It turned out that we hold similar views on the efforts to promote a nationwide dialogue in Venezuela. Europe and Russia have attended a recent conference in the so-called Stockholm format organised by Sweden.
And lastly, we discussed a number of issues related to current relations between the Russian Federation and the European Union. We told the EU High Representative for Foreign Affairs and Security Policy, Josep Borrell, that we know about the EU plans to make a strategic analysis of its relations with Russia. We confirmed our interest in developing contacts and reaffirmed the invitation sent to Mr Borrell to visit Russia as soon as the coronavirus situation allows.
Question: Kiev keeps saying that the Minsk agreements are not binding and should be revised or even terminated. Did you discuss this matter with Josep Borrell? Is the EU ready to help convince Kiev to stop making such statements?
Sergey Lavrov: Yes, as I have already mentioned, we discussed the matter of Ukraine. It was not a detailed discussion. The EU is not party to the process that was launched to settle the internal Ukrainian crisis. But EU countries – France and Germany – are involved in it. We are aware that Berlin and Paris inform their EU partners, including the service led by Josep Borrell, about their views on the matter.
Of course, we attracted the attention of our dialogue partners to the statements made in Kiev not by those who have no authority, but by representatives of the Government and the President, and even by the Ukrainian President himself. These statement vary from calls to preserve the Minsk agreements as the main reason for the Western sanctions against Russia (you should be aware of our comments on these calls) to the claims that the Minsk agreements are a sign of goodwill and hence do not impose any obligations on Ukraine, or are even void, as Deputy Prime Minister Alexey Reznikov has said recently. This is definitely rather alarming.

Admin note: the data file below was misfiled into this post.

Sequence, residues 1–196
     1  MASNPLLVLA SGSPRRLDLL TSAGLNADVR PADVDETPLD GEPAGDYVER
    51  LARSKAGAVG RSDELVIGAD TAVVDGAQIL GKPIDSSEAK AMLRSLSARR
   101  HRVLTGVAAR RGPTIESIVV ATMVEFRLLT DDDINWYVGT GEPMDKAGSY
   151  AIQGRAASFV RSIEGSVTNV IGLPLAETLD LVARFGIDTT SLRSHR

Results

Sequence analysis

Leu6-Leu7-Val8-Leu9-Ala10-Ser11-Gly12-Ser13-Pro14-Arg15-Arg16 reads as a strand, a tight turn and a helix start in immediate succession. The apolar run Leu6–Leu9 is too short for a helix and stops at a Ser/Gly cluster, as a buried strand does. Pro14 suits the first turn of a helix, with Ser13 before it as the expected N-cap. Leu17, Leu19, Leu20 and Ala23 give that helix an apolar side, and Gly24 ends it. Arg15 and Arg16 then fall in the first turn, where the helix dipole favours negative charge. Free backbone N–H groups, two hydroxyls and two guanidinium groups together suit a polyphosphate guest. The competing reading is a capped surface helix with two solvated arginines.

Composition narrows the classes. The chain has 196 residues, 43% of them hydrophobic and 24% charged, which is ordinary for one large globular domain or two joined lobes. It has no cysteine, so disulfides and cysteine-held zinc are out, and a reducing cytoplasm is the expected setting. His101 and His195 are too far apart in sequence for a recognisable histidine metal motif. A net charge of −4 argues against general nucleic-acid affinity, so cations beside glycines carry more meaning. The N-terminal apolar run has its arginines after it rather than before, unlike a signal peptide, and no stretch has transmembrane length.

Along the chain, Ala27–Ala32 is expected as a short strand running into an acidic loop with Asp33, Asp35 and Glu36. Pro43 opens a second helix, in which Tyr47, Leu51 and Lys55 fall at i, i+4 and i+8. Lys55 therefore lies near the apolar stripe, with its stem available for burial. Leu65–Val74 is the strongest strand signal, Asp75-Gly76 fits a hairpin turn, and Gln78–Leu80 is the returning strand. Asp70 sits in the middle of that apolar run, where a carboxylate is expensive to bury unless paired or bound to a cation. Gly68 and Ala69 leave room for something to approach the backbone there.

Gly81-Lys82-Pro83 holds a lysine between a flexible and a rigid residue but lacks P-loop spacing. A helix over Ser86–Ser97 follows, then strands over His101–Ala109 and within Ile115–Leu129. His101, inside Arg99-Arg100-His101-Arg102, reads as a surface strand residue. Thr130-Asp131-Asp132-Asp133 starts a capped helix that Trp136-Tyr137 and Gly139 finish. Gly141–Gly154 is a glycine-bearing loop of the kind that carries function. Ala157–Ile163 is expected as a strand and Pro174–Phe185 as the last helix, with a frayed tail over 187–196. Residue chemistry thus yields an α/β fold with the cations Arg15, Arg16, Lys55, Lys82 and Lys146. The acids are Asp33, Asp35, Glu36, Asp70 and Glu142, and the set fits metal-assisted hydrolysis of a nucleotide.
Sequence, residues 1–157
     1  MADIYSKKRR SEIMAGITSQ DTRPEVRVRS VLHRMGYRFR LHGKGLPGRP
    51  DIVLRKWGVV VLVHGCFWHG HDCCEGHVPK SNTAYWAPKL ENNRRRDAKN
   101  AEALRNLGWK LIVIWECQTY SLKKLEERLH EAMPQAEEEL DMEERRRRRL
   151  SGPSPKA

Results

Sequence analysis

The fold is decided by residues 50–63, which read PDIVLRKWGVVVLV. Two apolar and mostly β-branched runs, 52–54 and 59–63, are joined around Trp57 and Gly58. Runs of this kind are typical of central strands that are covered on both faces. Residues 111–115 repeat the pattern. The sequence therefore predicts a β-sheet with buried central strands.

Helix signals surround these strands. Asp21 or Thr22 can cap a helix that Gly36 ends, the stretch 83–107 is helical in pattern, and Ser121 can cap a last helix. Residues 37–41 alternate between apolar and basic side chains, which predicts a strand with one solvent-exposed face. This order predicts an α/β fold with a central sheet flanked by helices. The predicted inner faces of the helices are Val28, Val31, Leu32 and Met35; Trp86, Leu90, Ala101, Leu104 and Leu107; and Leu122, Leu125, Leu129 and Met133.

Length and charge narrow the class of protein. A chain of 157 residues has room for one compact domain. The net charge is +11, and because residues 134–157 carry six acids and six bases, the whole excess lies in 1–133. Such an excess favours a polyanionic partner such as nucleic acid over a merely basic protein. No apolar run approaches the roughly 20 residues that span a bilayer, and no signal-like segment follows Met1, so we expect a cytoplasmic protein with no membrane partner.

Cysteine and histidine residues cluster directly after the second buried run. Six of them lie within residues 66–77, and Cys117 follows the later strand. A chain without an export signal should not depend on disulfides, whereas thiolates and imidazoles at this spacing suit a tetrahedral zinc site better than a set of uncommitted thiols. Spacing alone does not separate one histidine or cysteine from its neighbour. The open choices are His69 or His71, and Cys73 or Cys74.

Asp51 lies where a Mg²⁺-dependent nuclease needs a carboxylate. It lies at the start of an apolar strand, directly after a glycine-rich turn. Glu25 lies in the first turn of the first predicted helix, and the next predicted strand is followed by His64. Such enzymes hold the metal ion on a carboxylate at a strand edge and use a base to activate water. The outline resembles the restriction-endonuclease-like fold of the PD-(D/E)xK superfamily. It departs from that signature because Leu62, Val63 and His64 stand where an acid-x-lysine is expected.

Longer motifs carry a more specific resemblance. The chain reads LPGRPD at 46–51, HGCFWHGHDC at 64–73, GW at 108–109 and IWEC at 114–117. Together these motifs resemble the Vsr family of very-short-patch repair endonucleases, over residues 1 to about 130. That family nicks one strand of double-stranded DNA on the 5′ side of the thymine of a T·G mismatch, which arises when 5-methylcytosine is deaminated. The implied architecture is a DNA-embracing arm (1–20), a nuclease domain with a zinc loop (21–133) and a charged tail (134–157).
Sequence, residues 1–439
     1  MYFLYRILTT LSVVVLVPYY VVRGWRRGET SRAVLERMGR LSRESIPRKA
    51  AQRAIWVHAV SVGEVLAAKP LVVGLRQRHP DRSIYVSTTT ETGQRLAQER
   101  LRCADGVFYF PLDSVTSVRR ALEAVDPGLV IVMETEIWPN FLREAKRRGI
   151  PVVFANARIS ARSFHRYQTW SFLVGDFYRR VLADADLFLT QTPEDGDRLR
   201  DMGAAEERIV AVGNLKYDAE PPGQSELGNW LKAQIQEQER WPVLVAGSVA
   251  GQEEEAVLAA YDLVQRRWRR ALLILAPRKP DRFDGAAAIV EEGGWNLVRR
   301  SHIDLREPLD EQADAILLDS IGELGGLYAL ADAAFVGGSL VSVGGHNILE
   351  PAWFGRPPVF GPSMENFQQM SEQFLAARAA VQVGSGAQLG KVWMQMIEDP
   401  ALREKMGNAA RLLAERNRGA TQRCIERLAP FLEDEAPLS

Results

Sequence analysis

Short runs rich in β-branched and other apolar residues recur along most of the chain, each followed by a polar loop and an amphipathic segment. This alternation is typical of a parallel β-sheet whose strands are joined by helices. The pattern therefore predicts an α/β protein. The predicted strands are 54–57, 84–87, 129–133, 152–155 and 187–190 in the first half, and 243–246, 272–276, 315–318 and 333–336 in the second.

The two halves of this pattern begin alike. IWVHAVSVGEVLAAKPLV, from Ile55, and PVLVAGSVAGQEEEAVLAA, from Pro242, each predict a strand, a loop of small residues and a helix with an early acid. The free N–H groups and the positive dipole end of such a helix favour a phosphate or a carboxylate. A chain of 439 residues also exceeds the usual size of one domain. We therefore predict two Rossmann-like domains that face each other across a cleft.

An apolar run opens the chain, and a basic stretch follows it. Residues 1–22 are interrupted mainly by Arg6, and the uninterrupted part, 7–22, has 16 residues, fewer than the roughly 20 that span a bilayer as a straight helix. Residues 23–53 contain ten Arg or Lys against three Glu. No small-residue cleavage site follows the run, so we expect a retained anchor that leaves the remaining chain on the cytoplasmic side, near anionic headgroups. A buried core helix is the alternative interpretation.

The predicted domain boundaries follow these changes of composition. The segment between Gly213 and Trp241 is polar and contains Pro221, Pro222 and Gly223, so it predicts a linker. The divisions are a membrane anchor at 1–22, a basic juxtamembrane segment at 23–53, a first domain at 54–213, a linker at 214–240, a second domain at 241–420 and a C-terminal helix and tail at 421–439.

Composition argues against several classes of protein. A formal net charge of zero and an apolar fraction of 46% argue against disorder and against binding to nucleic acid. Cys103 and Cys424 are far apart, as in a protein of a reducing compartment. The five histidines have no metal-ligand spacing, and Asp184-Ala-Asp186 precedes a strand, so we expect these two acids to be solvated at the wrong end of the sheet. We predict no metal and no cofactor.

We urged our European colleagues to take this into account when talking with Kiev, especially in light of the Association Agreement between Ukraine and the EU, which is scheduled for an update and renewal. I believe that Ukraine’s attitude to its international obligations should become part of a detailed review of the implementation of the Association Agreement, including in light of the Ukrainian authorities’ attitude to the rights of national minorities.
I focused attention on this matter this today, reminding our colleagues that a number of laws recently adopted in Ukraine curtail the legitimate rights of the national minorities that are guaranteed by international conventions and the Ukrainian Constitution, primarily their education and language rights. I pointed out that the other national minorities – Hungarians, Bulgarians and Romanians – have also expressed dissatisfaction with these laws. The Ukrainian authorities responded to the concerns of European countries at some stage, saying that an exception could be made for the national minorities that use EU languages. I directly asked Mr Borrell if such exceptions had been made for EU languages and whether this would satisfy Brussels and the other European countries and the EU as a whole, so that they would stop demanding respect for the rights of all national minorities, including primarily Russian speakers. The answer was in the negative. He said that the EU would not take a selective attitude to the rights of national minorities in Ukraine or any other country. This position deserves respect. It is the only possible position if the problem of national minorities is addressed on the basis of international law.
Question: On June 11, the Latvian Saeima (parliament) adopted amendments to the Electronic Mass Media Law, which has introduced language quotas. Will this affect access to Russian language media?
Sergey Lavrov: This fits in with the logic we are discussing now as well. We have been alarmed by the adoption in the final reading of the amendments to the Electronic Mass Media Law. We know that these amendments were actively promoted by the radical forces. They insisted on the adoption of language quotas on television, openly saying that they want to limit legitimate access to Russian language information.